Froze your Experian credit report? Time for a new PIN


At Bankrate we strive to help you make smarter financial decisions. While we adhere to strict , this post may contain references to products from our partners. Here’s an explanation for

The content on this page is accurate as of the posting date; however, some of the offers mentioned may have expired.

Freezing your credit report may be free now, but if you’re the customer of one major credit bureau, you may need to change your credit freeze PIN after the report of a possible security flaw.

Last week, some Experian customers could allegedly access their accounts by retrieving a forgotten or lost credit freeze PIN, then selecting “none of the above” as the answer to a series of online security questions. By taking the same steps, a fraudster could’ve easily gained access to your PIN.

The situation has been resolved, but it’s unclear how long this was going on. If you’re an Experian customer, requesting a new PIN may be a good idea. While you’re at it, check your credit reports. And if you haven’t frozen your credit reports yet, this is a good time to consider whether doing so makes sense.

Another security incident

Mike Litt, a director for the consumer group U.S. PIRG, was initially able to retrieve his own PIN by selecting “none of the above” as responses on Experian’s online form. He was shocked.

“The credit bureaus make money off of our information but can’t even protect access to it? Not even after the worst data breach in history? It’s like they didn’t learn anything,” Litt says. “And they will continue to not learn anything or take our data security seriously unless there are financial penalties for such carelessness.”

Some data security experts weren’t so surprised.

“Unfortunately, we see glitches like this, programming errors like this, taking place all the time. In fact, we’ve tracked over 30,000 breaches over the past 10 years,” says Inga Goddijn, executive vice president of Risk Based Security in Richmond, Virginia. “Certainly there’s a good number of them that are attributable to zero-day vulnerabilities or really sophisticated hacking attacks, but there’s also quite a few of them that are attributable just to mistakes and the errors that are made and how systems and applications are maintained over time.”

Dean Nicolls, head of global marketing at an identity verification company called Jumio, says that it’s a “virtual certainty” that there will be additional data breaches. He notes that the incident involving Experian was “significant.”

At this point, no one can trust that information shared and stored online is secure.

“When you think about security practices and in preparing for the worst, one of the standard lines you hear in the security industry today is just assume that you will be hacked,” Goddijn says. “It’s just a matter of when and then the measures that you take are, you do everything to close as many holes as possible.”

Not Experian’s first rodeo

Last week’s incident wasn’t the first time Experian has been called out for its approach to security.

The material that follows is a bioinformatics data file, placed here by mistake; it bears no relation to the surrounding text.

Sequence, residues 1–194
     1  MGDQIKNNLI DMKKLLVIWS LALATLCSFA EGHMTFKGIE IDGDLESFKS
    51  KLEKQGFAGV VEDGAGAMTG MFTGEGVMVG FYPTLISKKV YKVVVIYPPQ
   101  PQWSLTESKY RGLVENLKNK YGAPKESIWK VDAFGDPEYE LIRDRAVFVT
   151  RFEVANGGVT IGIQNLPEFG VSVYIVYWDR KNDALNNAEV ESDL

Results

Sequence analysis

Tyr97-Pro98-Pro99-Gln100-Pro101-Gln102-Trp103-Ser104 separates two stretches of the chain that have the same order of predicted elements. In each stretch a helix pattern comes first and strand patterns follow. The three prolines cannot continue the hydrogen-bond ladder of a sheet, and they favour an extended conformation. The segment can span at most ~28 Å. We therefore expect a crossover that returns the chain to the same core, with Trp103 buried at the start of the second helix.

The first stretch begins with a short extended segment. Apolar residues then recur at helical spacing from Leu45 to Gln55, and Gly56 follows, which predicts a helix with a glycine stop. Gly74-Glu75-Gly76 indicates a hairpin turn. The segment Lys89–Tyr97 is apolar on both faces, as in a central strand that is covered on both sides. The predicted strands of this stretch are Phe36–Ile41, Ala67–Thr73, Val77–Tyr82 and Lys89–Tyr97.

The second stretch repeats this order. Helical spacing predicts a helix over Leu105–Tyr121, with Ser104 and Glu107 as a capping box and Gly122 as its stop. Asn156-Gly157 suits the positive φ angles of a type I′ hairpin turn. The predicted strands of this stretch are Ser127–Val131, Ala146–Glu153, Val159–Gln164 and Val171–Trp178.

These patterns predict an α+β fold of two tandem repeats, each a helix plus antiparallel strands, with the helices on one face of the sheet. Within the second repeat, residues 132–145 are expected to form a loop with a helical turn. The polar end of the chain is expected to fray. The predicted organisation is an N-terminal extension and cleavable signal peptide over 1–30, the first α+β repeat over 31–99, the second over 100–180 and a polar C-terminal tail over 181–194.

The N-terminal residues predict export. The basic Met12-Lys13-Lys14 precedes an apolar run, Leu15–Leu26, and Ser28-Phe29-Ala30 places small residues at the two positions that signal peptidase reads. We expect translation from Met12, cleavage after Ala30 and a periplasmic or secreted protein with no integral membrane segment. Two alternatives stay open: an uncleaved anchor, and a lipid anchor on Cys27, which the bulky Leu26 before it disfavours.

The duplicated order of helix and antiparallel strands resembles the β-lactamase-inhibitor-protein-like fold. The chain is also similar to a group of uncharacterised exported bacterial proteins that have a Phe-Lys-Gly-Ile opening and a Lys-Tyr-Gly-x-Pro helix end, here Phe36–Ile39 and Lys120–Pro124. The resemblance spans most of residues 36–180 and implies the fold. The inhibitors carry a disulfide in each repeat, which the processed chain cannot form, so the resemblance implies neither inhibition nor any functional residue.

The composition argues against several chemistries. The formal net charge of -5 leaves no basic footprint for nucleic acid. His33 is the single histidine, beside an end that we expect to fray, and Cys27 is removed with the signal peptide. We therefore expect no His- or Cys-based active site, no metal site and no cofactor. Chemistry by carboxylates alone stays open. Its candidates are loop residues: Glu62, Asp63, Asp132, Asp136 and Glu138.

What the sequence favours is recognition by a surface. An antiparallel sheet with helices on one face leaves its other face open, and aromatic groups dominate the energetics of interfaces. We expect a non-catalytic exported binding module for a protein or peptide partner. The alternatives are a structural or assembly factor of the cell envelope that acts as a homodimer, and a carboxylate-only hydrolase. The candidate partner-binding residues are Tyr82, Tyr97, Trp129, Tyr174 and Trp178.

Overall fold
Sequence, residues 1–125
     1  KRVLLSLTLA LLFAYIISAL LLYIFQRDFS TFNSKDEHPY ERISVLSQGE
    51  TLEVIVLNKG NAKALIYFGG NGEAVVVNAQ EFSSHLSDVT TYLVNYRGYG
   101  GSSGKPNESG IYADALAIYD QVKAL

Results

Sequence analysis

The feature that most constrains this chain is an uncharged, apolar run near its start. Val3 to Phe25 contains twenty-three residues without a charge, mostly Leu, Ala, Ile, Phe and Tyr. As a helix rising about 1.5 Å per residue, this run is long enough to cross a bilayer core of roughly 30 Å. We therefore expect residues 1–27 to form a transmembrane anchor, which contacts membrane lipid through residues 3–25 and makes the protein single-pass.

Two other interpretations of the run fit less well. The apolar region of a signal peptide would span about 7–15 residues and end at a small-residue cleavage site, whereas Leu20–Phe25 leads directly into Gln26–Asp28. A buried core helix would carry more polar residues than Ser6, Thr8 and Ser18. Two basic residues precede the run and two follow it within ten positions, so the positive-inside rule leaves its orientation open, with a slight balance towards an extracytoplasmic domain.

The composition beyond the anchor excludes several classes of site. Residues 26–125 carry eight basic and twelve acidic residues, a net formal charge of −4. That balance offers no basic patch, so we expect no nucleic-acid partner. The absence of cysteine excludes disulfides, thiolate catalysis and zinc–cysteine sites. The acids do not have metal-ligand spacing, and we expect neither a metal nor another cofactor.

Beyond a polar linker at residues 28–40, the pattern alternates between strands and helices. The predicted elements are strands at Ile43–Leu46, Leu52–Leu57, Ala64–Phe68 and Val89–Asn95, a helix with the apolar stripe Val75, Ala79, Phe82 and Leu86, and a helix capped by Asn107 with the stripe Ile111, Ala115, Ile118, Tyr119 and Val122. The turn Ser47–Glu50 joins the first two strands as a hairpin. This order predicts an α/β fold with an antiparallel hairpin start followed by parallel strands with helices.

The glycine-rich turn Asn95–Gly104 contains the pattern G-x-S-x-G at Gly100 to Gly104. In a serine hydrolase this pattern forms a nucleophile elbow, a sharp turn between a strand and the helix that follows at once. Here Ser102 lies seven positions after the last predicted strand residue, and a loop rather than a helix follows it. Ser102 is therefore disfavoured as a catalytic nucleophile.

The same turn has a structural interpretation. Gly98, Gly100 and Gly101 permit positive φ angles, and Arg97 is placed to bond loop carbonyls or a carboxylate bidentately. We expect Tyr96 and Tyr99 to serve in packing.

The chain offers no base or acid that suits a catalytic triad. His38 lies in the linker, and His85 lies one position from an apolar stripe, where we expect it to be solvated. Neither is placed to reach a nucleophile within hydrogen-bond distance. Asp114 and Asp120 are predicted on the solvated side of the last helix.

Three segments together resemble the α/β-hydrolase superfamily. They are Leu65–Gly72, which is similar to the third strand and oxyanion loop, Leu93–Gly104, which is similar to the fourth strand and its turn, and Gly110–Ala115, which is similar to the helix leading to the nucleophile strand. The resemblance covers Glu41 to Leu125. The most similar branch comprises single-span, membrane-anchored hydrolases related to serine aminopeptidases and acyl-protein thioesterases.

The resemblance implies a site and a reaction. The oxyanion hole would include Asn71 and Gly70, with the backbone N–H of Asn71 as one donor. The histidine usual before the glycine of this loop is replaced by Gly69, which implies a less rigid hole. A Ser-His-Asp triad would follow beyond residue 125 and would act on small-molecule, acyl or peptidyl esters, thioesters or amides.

Last fall, security expert Brian Krebs brought attention to a separate issue with Experian’s PIN retrieval portal: the knowledge-based authentication questions customers needed to answer were easy considering how much personal information is already accessible to fraudsters.

According to a spokesperson for Experian, Krebs’ post didn’t accurately characterize the credit bureau’s authentication protocols.

“Experian regularly reviews its security practices and adjusts as needed,” a spokesperson says. “We continue to see the effectiveness of KBA [knowledge-based authentication questions] as part of a layered authentication approach.”

Getting a new PIN

This time around, Experian addressed the alleged security flaw fairly quickly. But it doesn’t plan to reissue any PINs.

“Taking into consideration the layers of security controls we have in place and that there is no risk to credit file data or consumer PII, we don’t feel it is necessary to replace PINs,” an Experian spokesperson says.

Replacing your PIN is something consumers should do on their own, Litt says. Just remember that you won’t need a PIN to unfreeze your Equifax or TransUnion credit reports online.

Experian customers may also want to consider complaining to two agencies: the Federal Trade Commission and the Consumer Financial Protection Bureau. That could be one way to ensure that the credit bureau is held accountable and it may prompt it to reissue PINs, Litt says.

Currently, selecting “none of the above” on Experian’s online PIN retrieval form reportedly leaves you with a message saying you can mail in copies of your Social Security card and other personal documents. But it’s an open question whether that’s a secure way to change your PIN.

“I don’t know that I would ever feel good about just making copies of that information and blindly putting it in the mail in the hopes that it’ll be handled correctly on the receiving end,” Goddijn says. “So I would think going through customer service — whether it’s the online customer service or by calling them up — I think I might feel a little more comfortable doing that.”

Freeze is not a catch-all solution

Despite what happened with Experian, Litt says freezing your credit reports is still your best bet to avoid becoming an identity theft victim. But it’s not a fool-proof solution. Credit freezes only protect consumers from fraud associated with the opening of new accounts, not tax refund fraud and other forms of criminal activity.

“It’s always been important that in addition to the freeze, you’re remaining vigilant and still checking your credit reports,” Litt says.

If you haven’t frozen your credit reports yet, make sure you take timing into account. You may need to hold off freezing credit files until after you’ve applied for a mortgage or gotten a new car.